The first fully automated, coin-op photo booth appeared in New York City in 1925, predating Polaroid’s first instant film products by more than 2 decades, and paving the way for personal, photographer-free, economic portrait creation. This first photo booth was so popular that within only 6 months over two hundred and eighty thousand people had […]Read more "Photo Booths: Behind the Curtain"
Kodak Tri-X was originally introduced sometime in 1940 but November 1st, 1954 is the date to remember. On November 1st, 1954, Kodak released Tri-X in 120 and 35mm formats. Tri-X was considered a very high-speed film during this time and allowed for quality push processing as well. Photographers were now free to shoot dim scenes […]Read more "Happy Birthday Kodak Tri-X!"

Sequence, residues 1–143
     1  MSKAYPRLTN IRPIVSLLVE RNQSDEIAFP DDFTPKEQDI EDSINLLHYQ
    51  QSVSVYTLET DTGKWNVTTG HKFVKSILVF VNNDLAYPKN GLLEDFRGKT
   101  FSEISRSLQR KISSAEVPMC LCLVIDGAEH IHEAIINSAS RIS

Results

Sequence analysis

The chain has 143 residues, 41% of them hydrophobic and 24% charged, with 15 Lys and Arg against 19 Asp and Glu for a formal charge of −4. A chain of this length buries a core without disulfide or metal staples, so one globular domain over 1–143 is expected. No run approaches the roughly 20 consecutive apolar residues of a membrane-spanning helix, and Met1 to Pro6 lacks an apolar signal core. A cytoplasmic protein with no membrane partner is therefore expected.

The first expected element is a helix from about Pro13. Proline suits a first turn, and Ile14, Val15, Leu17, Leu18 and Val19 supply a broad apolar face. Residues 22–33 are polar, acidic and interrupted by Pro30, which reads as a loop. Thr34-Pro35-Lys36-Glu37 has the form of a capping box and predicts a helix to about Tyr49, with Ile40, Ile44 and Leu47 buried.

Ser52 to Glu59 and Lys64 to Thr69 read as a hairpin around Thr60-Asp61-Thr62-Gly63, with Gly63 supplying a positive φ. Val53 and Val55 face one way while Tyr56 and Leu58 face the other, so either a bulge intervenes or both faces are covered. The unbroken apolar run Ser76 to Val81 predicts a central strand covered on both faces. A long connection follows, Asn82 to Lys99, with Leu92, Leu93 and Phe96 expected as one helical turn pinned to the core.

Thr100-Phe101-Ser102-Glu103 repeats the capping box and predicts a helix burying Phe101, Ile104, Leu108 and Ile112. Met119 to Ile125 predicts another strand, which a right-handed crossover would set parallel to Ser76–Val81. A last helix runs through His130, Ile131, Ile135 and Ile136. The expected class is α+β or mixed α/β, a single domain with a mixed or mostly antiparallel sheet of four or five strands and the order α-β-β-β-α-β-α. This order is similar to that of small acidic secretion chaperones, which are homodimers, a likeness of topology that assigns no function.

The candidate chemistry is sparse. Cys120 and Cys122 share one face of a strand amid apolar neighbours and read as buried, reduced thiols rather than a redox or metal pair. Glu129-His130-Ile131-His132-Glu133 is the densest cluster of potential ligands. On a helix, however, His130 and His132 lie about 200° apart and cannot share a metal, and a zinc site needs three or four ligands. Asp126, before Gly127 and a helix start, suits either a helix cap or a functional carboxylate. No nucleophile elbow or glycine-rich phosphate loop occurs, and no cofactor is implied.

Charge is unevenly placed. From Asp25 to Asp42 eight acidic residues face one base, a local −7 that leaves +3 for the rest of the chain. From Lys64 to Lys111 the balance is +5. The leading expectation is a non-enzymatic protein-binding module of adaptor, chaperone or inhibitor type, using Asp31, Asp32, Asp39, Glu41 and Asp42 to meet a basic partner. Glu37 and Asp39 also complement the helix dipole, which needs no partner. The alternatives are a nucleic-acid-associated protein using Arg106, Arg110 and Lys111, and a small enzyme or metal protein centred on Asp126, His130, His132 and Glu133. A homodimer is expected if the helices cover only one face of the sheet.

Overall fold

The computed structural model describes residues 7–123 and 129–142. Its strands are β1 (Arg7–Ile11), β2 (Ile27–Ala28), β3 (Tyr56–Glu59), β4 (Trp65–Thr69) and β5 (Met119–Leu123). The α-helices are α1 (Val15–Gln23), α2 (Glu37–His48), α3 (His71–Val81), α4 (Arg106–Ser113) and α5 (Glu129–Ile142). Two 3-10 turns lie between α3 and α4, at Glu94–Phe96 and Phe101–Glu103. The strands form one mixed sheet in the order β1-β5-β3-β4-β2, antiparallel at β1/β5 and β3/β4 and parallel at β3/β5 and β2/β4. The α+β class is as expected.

I stopped into my local camera repair shop last week to retrieve my Leitz Summarit which got damaged during my family trip to Disney earlier this year. Lev, the shop-owner told me that he had something I might be interested in. He brought out a little black Barnack Leica and I tried my best to keep […]Read more "A Brief History of my 1930 Leica I/III"
Fire up your 1967 Pontiac LeMans & slip into those stylish black leather driving gloves! Night of the Living Dead trading cards are coming to get you! Welcome to Mass Hysteria: The Definitive Night of the Living Dead Trading Card Checklist! I’m Johnny Martyr and I’ve been collecting NotLD since I was a kid. I’ve […]Read more "Mass Hysteria: The Definitive Night of the Living Dead Trading Card Checklist"
Trying something a bit different for this small project. I gathered an Underwood portable typewriter, a Zeiss Ikon folding camera, Bell rotary telephone and a General Electric electric fan. I set them out on a wood floor in my home and photographed these objects using three integral instant film cameras, a very new Fuji Instax Mini […]Read more "Camera. Typewriter. Telephone. Fan."